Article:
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For two years, WFAE has reported on the Charlotte area's affordable housing crisis through our Finding Home series. According to the U.S. Census Bureau, since 1990, home values have increased 36%, while median household income has gone up only 4%. The appearance of prosperity with new development masks the fact that people are being priced out of their neighborhoods.

Finding Home: There's Help For Young Folks Struggling To Afford Charlotte Housing

Finding housing can be tough even when you have a reliable job and a good credit score. It can be an even bigger challenge for a portion of the population that lacks rental and credit histories and stable income — young adults. Add the rising cost of rent to that list, and the deck can be stacked high against 18- to 24-year-olds trying to find a safe and secure place to live.

Finding Home

That’s where The Relatives comes in. The Charlotte nonprofit specifically works with young adults struggling to obtain sustainable housing.

Step inside Zhane Roberts’ apartment in east Charlotte and she’s beaming with pride. One of the first things the 19-year-old did when she moved in was paint the walls a soft gray. She describes the decorating aesthetics of her one-bedroom apartment as and warm, clean and homey.

She points to the little knickknacks she picked from Target and the couch she scored from the Habitat for Humanity ReStore. Roberts knows she’s on a budget and wants to stay on top of her finances. That’s because she knows all too well the stress of not having a place to call home.

"I was staying with my mom, who lives in a three-bedroom that is full of 13 other people – all of my family, but just they're all kind of in one place," Roberts said.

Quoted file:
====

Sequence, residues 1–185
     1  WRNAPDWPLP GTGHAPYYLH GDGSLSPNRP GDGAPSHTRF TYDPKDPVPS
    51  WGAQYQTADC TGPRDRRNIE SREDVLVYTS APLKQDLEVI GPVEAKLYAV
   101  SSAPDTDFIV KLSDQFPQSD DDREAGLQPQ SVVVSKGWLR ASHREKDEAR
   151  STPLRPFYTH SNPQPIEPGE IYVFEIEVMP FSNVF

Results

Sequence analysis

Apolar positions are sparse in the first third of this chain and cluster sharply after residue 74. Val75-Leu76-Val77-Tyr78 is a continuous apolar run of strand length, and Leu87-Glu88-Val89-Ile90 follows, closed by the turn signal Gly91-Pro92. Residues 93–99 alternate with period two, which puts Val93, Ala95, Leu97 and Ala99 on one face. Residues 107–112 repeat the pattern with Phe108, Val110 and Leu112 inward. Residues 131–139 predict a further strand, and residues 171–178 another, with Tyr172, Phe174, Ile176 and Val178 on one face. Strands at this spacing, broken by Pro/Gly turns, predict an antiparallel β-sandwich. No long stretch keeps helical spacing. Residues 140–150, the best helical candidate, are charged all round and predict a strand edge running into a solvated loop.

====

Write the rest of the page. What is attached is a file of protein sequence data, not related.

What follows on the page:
Roberts says she moved out with plans to take classes at UNC Charlotte. When that didn't work out, she was left with an option familiar to many young adults without stable housing: house hopping and couch surfing.

"If it doesn’t feel like home, you just don’t want to be there, I think that’s the hardest part," Roberts said.

The other hard part was asking for help and knowing where to find it. Even though Roberts had a place to put her head at night, couch surfing wasn’t a sustainable solution. And that’s something The Relatives sees a lot.

"Usually youth who are homeless aren’t visible like you see on the streets," said Tom Montaglione, who manages The Relatives' Scattered Site Housing program for 18- to 24-year-olds. "That’s not where they reside. That’s not where they are at. They will do whatever they can to be to be invisible when they are homeless."

His job is to work with young adults like Zhane Roberts to set goals on budgeting, finding work, and most importantly, finding home.

"They just want to fit in just like anybody else," Montaglione said. "They still have the stigma of being homeless. They have the struggles of being 18 and 19 years old with that type of pressure on them as well."

Zhane Roberts, 19, stands in her apartment.

As part of the yearlong program, The Relatives puts up a portion of the client’s rent with the goal that as the year draws closer to an end, the client will be paying more and more of the rent on their own.

"The first three months, we might pay 75% of the rent," Montaglione said. "The next three months, the client might pay 50 and we pay 50, and the next three months, it might be they pay 75 and we pay 25."

The program started in 2016 and housed seven clients that year. Now, in 2019, it has already housed 20 clients with the goal of housing six more before the year's end.

The type of funding has also grown from government funds to money from foundations like NASCAR driver Joey Logano’s foundation, The Duke Endowment and the city of Charlotte.

All clients are different, Montaglione says. Some already have housing but have lost their jobs and need the extra help. Others have never signed a lease or have criminal records or bad credit.

It’s Montaglione's job to work with local landlords to sell this age group that may seem unreliable. Landlords, he says, are like any other businessperson: They love money. And part of his pitch is to let landlords know The Relatives will be a finical support throughout the year.